Beautiful Creatures

© 2013 Ray Wong

Based on Kami Garcia and Margaret Stohl's popular YA fantasy series, Beautiful Creatures makes no apologies retelling a teenage love story between a "mortal" and a special being -- any resemblance to Twilight or any other fantasies is purely coincidental. Or not.

Ethan (Alden Ehrenreich) is a curious and book-smart jock (if there's such a thing) who yearns to leave his South Carolina small-town existence behind. When the Ravenwoods returned, the town is abuzz with speculations about satanic curses and abominations. Lena (Alice Englert), niece of patriarch Macon (Jeremy Irons) becomes the easy target when she enters the local junior high, trying to pass as normal. She also catches the eye of Ethan, who is drawn to the mystery and sensibility surrounding Lena.

In his pursuit of Lena, Ethan discovers that Lena and her family are Casters -- another term for witches -- beings with supernatural powers. Lena tries very hard to act normal and fit in, but she has little control over her increasing power. According to Lena, on her 16th birthday, she will be claimed by either the light or the dark side, depending on her true nature, and she is afraid that the dark side is going to win, just like with her mother or cousin Ridley (Emmy Rossum). Ethan convinces her that she has enough good in her to avert the fate of her mother.

As Lena's birthday draws closer, she and Ethan fall deeply in love. However, they also discover that their respective ancestors were once lovers, and the two families have been bound by a curse. And with this curse, Lena's chance of being claimed by the Light becomes slim. With the help of Amma (Viola Davis), Lena finally figures out how to break the curse, but it does come with a significant price.

The two leads, Alden Ehrenreich (Stoker) and Alice Englert (Ginger and Rosa) are relative unknowns. Englert has recently garnered attention for her role as Rosa in Ginger and Rosa. Her portrayal of the teenage witch is charming, vulnerable, and sweet but not without her fair share of darkness. Englert does a good job with her complicated role. In comparison. Ehrenreich is stuck with a stereotypical, too-good-to-be-true character who is simply a female's ideal. The character development doesn't allow Ehrenreich to do much except to be a love-sick puppy. Fortunately, Ehrenreich and Englert have good chemistry together that makes, at least, their relationship seem plausible.

The supporting cast tries their best. Jeremy Irons (The Words) plays Macon with the typical Iron-esque savviness and creepiness at the same time. Somehow, though, I feel that he's channeling everything from Gomez Addams to Snape. Viola Davis (The Help) is reduced to a stereotypical southern African-American woman who knows a thing or two about the underworld. Emmy Rossum (Poseidon) has not much to do with her peripheral character who seems to just storm in and out of town simply as a plot device. The standout here is Emma Thompson (Men in Black 3) who somehow turns a cliched character into someone that is fun to watch (well, it helps that she is actually playing two characters).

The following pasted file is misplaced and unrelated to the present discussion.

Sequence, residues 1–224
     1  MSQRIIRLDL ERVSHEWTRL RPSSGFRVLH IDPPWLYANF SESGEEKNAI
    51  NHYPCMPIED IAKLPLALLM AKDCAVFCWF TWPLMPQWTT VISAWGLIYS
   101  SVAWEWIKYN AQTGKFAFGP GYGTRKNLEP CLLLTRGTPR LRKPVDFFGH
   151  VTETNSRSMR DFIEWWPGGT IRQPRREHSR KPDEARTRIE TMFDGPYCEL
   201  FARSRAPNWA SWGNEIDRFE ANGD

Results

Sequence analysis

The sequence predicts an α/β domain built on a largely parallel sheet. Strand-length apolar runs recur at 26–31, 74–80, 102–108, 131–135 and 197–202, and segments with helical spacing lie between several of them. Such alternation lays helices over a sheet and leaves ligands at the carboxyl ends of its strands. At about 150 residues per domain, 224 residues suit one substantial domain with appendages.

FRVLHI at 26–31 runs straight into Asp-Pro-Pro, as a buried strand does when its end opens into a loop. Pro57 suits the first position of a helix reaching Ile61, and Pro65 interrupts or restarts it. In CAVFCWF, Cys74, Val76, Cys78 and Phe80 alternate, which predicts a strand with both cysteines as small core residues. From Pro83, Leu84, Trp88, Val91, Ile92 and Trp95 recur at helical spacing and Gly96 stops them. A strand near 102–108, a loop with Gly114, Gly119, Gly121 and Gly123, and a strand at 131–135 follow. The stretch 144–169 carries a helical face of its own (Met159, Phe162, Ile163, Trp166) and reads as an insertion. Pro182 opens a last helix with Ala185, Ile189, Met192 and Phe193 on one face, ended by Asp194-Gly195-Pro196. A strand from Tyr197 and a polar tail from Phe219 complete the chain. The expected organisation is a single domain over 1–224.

Writer-director Richard LaGravenese (Water for Elephant) tries his best to adapt Garcia and Stohl's novel into a coherent story with interesting characters. It has all the right elements: likable leads, a budding romance, Southern mysticism, witchcraft, supernatural powers, a handful of quirky and unusual characters, and for the most part it works as designed. However, that simply reveals the derivative nature of the story and characters. They remind me of everything from Twilight to True Blood with bits and pieces of The Addams Family or Beetle Juice or Romeo & Juliet or Teen Wolf, etc. thrown in.

We also can't overlook the cliches and stereotypes:  a country boy falling for a worldly girl, a creepy patriarch, evil relatives, bratty ex-girlfriend, an African-American woman who happens to be a medium, etc. etc. In comparison, True Blood at least play around these familiar tropes (vampires, witches, werewolves, etc.) and comes up with twisted new ideas. In this story, we come to realize we've seen this show a thousand times already. Not to mention the smart, athletic, loyal, romantic, sweet, kind, and steadfast hero is too much of a female's dream to be believable. Wish fulfillment, anyone?

That said, I did rather enjoy the production. Under LaGravenese's direction, it has a giddy, perky and fun vibe. It is quite beautifully shot. The love story has its sweet moments. And there are a few scenes between Jeremy Irons and Emma Thompson that showcase how good these actors can be, if given the right material. Unfortunately, by and large these veteran actors are way too good for this material. Too bad, despite their best efforts, this simply isn't the beautiful creature we've hoped for.

Stars: Alden Ehrenreich, Alice Englert, Jeremy Irons, Viola Davis, Emmy Rossum, Emma Thompson, Thomas Mann, Eileen Atkins, Margo Martindale
Director: Richard LaGravenese
Writers: Richard LaGravenese (based on novel by Kami Garcia and Margaret Stohl)
Distributor: Warner Bros.
MPAA Rating:  PG-13 for violence, scary images and some sexual content
Running Time: 124 minutes 


Script - 6
Performance - 7
Direction - 7
Cinematography - 7
Music/Sound - 6
Editing - 7
Production - 7

Total - 6.8 out of 10.0 

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